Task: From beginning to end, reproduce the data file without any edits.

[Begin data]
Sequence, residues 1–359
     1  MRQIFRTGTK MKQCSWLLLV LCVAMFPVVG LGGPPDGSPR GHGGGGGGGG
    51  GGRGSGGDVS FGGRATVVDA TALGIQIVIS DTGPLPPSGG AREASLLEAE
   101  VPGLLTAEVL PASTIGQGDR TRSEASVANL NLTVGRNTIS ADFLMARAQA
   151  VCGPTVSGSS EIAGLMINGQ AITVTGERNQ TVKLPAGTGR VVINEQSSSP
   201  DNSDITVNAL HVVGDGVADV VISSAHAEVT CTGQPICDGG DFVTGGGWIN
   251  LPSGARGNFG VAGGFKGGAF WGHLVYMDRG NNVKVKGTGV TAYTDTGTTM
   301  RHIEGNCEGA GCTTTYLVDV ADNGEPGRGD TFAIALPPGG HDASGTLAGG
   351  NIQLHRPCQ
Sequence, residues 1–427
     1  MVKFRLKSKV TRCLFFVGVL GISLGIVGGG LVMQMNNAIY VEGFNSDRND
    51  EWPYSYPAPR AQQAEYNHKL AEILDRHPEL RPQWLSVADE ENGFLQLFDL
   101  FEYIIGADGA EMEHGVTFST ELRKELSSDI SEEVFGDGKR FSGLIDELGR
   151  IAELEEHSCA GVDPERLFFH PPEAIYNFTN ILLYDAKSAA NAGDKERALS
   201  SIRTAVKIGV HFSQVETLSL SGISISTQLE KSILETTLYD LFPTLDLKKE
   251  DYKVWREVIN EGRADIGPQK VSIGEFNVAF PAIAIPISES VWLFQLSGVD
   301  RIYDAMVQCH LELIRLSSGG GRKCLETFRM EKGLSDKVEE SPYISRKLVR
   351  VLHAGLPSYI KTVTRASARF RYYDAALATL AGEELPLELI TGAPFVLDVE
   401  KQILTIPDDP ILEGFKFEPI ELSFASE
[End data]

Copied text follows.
Sequence, residues 1–359
     1  MRQIFRTGTK MKQCSWLLLV LCVAMFPVVG LGGPPDGSPR GHGGGGGGGG
    51  GGRGSGGDVS FGGRATVVDA TALGIQIVIS DTGPLPPSGG AREASLLEAE
   101  VPGLLTAEVL PASTIGQGDR TRSEASVANL NLTVGRNTIS ADFLMARAQA
   151  VCGPTVSGSS EIAGLMINGQ AITVTGERNQ TVKLPAGTGR VVINEQSSSP
   201  DNSDITVNAL HVVGDGVADV VISSAHAEVT CTGQPICDGG DFVTGGGWIN
   251  LPSGARGNFG VAGGFKGGAF WGHLVYMDRG NNVKVKGTGV TAYTDTGTTM
   301  RHIEGNCEGA GCTTTYLVDV ADNGEPGRGD TFAIALPPGG HDASGTLAGG
   351  NIQLHRPCQ
Sequence, residues 1–427
     1  MVKFRLKSKV TRCLFFVGVL GISLGIVGGG LVMQMNNAIY VEGFNSDRND
    51  EWPYSYPAPR AQQAEYNHKL AEILDRHPEL RPQWLSVADE ENGFLQLFDL
   101  FEYIIGADGA EMEHGVTFST ELRKELSSDI SEEVFGDGKR FSGLIDELGR
   151  IAELEEHSCA GVDPERLFFH PPEAIYNFTN ILLYDAKSAA NAGDKERALS
   201  SIRTAVKIGV HFSQVETLSL SGISISTQLE KSILETTLYD LFPTLDLKKE
   251  DYKVWREVIN EGRADIGPQK VSIGEFNVAF PAIAIPISES VWLFQLSGVD
   301  RIYDAMVQCH LELIRLSSGG GRKCLETFRM EKGLSDKVEE SPYISRKLVR
   351  VLHAGLPSYI KTVTRASARF RYYDAALATL AGEELPLELI TGAPFVLDVE
   401  KQILTIPDDP ILEGFKFEPI ELSFASE